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The Case Against Race Profiling in Immigration Enforcement
by Kevin R. Johnson

The following is an abstract of "The Case Against Race Profiling in Immigration Enforcement," Forthcoming in Washington University Law Quarterly, Vol. 78, January 2001.


The public and the courts have begun a long overdue reconsideration of race profiling, the formal and informal targeting of African Americans, Latinos, and other racial minorities for investigation on account of their race in criminal law enforcement. Race, however, remains central to the enforcement of the United States immigration laws, particularly in the southwestern part of the country. In fact, the Supreme Court stated in 1975 that "Mexican appearance" constitutes a legitimate consideration under the Fourth Amendment for making an immigration stop.

At first blush, the reliance on "Mexican appearance" in immigration enforcement might not appear problematic given the perception that a large percentage of undocumented persons are of Mexican origin. However, only about one-half of the undocumented persons in the United States are Mexican nationals. More importantly, the vast majority of Latinos in the United States are U.S. citizens or lawful permanent residents. These persons suffer the brunt of race-based immigration enforcement.

Although the Court has yet to revisit this area, at least one court of appeals has questioned the continued lawfulness of reliance on race in immigration enforcement. The need for re-evaluation is readily apparent. Indeed, the armed seizure of Elian Gonzalez in Miami at the break of dawn by the Immigration & Naturalization Service, at least for a moment, focused public attention on whether the agency's enforcement and related activities comported with the Fourth Amendment. Race profiling especially deserves such scrutiny because it disproportionately burdens persons of Latin American ancestry, the vast majority of whom are U.S. citizens or lawful immigrants. Generally speaking, whether they are undocumented or lawful immigrants, or U.S. citizens, persons of Latin American ancestry or appearance are more likely than other persons in the United States to be stopped and interrogated about their immigration status. To many, all Latinos are presumed "foreigners" subject to removal from the country. The suspect immigration status of Latino citizens and lawful immigrants undermines their claim to full membership in U.S. society.

The legal endorsement of race-based immigration stops contrasts sharply with the deep suspicion of racial classifications in virtually any other body of public law. Under modern equal protection doctrine, the Supreme Court has held that all racial classifications are constitutionally suspect and subject to strict scrutiny. Nevertheless, not until recently has any arm of government seriously questioned the racial discrimination that survives in immigration enforcement.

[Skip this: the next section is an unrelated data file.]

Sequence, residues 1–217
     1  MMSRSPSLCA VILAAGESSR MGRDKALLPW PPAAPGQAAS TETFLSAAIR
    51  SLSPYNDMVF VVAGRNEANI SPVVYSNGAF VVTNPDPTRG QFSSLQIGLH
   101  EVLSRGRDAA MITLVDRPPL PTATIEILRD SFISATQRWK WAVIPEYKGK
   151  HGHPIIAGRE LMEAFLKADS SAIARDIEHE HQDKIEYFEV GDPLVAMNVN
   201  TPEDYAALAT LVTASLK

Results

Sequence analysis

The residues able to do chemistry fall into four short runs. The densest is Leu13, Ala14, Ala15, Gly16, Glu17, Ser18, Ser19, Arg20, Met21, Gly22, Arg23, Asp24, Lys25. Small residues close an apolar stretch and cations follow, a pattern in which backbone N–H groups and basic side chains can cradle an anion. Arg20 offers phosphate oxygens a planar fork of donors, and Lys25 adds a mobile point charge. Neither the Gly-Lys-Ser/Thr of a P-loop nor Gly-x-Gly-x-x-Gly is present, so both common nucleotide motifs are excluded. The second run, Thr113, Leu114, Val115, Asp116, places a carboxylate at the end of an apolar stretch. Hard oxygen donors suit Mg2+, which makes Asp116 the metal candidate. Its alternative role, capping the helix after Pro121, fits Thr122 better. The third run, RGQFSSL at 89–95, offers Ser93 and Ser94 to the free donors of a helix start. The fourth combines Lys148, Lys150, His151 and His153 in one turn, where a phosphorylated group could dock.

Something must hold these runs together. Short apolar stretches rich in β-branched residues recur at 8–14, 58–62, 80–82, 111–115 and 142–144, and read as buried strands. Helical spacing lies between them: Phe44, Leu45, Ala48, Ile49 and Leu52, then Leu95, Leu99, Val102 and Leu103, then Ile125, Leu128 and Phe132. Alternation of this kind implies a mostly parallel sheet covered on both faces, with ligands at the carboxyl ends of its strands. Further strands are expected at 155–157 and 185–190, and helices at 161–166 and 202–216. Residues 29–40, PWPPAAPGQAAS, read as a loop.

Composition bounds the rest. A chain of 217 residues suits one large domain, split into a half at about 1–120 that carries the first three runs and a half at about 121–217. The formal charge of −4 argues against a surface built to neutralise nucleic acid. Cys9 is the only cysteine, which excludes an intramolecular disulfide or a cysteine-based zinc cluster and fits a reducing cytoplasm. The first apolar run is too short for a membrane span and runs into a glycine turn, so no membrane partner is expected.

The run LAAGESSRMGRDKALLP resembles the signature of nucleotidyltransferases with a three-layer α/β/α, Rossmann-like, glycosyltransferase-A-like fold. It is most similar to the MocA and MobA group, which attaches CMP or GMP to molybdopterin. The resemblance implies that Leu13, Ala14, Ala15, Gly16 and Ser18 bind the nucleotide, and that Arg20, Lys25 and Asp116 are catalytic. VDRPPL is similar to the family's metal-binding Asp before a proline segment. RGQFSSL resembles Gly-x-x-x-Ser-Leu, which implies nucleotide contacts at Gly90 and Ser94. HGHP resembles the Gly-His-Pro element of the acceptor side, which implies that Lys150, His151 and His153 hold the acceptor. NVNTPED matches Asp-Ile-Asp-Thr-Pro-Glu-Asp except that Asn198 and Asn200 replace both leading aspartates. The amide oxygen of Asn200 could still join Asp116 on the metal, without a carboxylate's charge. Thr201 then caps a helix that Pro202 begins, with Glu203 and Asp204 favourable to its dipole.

Race-based immigration enforcement is unique in its express use of racial classifications. It, however, is part of a body of laws replete with disparate racial impacts. As the prevailing wisdom would have it, Congress has removed the last vestiges of invidious discrimination from the immigration laws. However, the facially neutral, hypertechnical immigration laws provide for, among other things, per-country ceilings that create long waits for potential immigrants from certain developing countries (more likely than not populated by people of color), for a diversity visa system that through a complicated formula masks a strong preference for immigrants from northern Europe, for a public charge exclusion that disparately impacts poor and working people from developing nations, and for a variety of removal grounds that adversely affect certain immigrant communities. All of these seriously disadvantage potential immigrants from Latin America and reduce their rates of immigration. They, and the operation of the immigration laws generally, deserve careful scholarly investigation. Consequently, although focusing on race profiling in immigration enforcement, the issues analyzed in this article implicate larger civil rights concerns that cut to the core of equal citizenship and full membership in the national community.

Part II of this Article summarizes the critique of race profiling in criminal law enforcement and analyzes the law that, although offering remedies that are flawed in certain ways, prohibits exclusively race-based investigatory stops. Part III analyzes the impact of the Supreme Court decisions permitting consideration of race to justify a stop of an individual in immigration law enforcement. Part IV sketches the civil rights implications of racially discriminatory immigration enforcement.

About The Author


Kevin R. Johnson Associate Dean for Academic Affairs and Professor of Law and Chicana/o Studies;
Director, Chicana/o Studies Program
University of California at Davis
School of Law
Martin Luther King, Jr. Hall
Davis, CA 95616-5201
(530) 752-0243 (Phone)
(530) 752-4704 (Fax)